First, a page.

Information Technology and the Literacy Needs of Special Populations

Ode to FedEx and Dairy Farmers

Authored by: Edward J. Kame’enui , Joshua U. Wallin

International Handbook of Literacy and Technology

Print publication date:  April  2006
Online publication date:  January  2013

Print ISBN: 9780805850871
eBook ISBN: 9780203929131
Adobe ISBN: 9781135609580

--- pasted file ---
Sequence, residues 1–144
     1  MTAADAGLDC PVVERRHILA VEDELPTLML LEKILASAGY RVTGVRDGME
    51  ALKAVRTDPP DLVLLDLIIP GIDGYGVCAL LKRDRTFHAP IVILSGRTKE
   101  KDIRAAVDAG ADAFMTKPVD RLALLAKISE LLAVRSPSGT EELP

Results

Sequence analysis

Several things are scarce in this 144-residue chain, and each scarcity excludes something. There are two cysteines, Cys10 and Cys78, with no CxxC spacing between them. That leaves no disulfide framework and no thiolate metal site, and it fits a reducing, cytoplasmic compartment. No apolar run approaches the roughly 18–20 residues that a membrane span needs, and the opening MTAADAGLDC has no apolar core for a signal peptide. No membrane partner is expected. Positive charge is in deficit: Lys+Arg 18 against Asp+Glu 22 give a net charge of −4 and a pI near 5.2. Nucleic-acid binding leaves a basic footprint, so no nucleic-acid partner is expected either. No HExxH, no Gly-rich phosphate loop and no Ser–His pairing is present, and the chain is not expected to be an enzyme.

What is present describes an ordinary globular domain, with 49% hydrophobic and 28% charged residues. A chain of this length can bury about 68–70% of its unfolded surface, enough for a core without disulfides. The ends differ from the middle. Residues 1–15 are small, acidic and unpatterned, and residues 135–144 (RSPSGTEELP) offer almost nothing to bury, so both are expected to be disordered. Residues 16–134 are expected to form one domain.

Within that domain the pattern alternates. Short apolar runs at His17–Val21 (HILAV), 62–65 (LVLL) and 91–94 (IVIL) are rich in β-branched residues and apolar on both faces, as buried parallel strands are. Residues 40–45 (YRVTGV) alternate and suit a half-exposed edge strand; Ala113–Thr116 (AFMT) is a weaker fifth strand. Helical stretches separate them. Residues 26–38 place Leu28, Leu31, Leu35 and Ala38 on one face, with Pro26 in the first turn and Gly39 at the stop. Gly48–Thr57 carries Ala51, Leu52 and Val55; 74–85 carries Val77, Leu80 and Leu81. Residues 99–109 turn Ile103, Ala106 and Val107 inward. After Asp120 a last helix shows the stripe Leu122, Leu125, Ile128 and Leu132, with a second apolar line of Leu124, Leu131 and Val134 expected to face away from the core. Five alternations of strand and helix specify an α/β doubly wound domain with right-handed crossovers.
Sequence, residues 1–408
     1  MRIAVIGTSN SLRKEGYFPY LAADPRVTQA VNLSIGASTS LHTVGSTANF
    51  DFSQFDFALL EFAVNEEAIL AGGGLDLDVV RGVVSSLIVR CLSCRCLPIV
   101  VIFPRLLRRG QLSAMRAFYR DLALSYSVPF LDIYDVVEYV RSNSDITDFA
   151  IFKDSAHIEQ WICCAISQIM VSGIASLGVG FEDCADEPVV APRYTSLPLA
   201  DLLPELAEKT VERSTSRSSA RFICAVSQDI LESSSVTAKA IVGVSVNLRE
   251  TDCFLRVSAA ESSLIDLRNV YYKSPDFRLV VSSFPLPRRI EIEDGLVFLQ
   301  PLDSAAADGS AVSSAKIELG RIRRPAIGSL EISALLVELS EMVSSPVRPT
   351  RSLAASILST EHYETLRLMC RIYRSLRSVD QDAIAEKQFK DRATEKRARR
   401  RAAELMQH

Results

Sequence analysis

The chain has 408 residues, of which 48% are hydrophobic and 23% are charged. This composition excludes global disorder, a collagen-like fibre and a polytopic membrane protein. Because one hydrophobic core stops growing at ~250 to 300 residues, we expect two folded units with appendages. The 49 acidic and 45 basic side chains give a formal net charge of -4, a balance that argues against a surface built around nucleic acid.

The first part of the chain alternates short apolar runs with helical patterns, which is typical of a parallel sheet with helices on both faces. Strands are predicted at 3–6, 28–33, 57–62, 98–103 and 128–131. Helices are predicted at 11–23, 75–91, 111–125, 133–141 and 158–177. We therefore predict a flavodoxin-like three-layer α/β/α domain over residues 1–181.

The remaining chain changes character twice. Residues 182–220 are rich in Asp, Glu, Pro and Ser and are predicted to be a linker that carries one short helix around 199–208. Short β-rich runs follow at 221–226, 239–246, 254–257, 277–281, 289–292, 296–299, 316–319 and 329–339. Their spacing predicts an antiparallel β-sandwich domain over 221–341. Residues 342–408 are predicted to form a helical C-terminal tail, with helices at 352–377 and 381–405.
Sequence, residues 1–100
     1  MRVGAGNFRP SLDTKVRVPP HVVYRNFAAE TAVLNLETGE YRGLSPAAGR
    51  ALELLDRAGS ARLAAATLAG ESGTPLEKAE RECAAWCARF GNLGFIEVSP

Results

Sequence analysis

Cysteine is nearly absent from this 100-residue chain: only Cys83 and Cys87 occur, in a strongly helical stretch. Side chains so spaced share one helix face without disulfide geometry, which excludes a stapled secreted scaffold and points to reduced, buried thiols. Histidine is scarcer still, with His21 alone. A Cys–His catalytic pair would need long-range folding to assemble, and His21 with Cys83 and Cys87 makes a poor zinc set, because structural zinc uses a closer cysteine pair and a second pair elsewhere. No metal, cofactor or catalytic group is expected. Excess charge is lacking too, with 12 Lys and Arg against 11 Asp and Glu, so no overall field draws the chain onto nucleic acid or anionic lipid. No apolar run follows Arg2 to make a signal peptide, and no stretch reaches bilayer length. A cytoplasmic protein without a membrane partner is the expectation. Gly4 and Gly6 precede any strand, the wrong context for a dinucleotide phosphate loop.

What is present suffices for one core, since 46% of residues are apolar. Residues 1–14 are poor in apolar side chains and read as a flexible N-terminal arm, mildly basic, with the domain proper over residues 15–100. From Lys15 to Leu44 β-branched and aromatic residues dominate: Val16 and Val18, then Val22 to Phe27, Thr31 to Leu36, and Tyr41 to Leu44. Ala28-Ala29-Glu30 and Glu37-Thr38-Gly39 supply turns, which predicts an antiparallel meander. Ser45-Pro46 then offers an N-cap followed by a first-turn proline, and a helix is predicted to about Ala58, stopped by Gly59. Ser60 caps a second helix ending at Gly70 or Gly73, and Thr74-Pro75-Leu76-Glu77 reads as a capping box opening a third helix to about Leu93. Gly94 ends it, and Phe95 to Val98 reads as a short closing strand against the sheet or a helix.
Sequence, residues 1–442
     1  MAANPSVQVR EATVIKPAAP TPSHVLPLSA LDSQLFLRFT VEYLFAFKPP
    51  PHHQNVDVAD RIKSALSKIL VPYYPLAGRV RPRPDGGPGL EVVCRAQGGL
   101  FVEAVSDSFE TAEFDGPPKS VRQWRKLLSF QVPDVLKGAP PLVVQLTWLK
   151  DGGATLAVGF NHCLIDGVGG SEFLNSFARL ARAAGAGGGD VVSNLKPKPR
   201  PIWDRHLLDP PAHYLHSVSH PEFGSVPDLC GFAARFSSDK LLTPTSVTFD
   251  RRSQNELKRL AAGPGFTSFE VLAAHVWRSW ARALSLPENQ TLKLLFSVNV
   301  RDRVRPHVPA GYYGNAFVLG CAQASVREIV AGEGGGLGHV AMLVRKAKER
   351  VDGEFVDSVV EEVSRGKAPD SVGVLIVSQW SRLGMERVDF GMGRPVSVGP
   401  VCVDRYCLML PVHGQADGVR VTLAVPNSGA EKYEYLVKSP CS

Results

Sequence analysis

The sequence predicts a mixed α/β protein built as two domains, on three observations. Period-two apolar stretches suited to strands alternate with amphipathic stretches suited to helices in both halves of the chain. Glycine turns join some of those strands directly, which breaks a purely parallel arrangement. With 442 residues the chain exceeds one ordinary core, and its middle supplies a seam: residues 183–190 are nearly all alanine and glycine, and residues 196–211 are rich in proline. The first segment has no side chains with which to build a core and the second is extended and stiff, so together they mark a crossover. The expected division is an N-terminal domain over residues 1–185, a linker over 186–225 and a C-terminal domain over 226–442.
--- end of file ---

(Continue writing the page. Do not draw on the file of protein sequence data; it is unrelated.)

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As we prepare this chapter for the Handbook of Literacy and Technology, the future in the form of 2004 looms imminently and transparently on the horizon, waiting for the arrow of time to issue its inevitable invitation. Handbooks are charged with at least two taxing and unenviable burdens: (a) to offer a succinct but trenchant narrative of the past and (b) to extract viable trends from the current research literature and offer reasonable predictions of what the future portends. When the topics of literacy and technology are invoked and special populations—children identified with disabilities—are added to the mix of topics, the challenge of capturing the past and predicting the future appears whimsical, if not reckless. Nevertheless, the challenge is a worthy one, and we are pleased to offer our brief assessment of how technology might best be considered and employed to benefit children identified with unique literacy needs. We initiate this challenge by first offering two examples that have nothing to do with literacy (which is why they were selected), but are illustrative of the compelling, yet ubiquitous nature of information technology in a global economy. We use these examples to underscore the potential applications of information technology to literacy, in general, and to special populations, in particular, that have distinctive literacy and reading needs.

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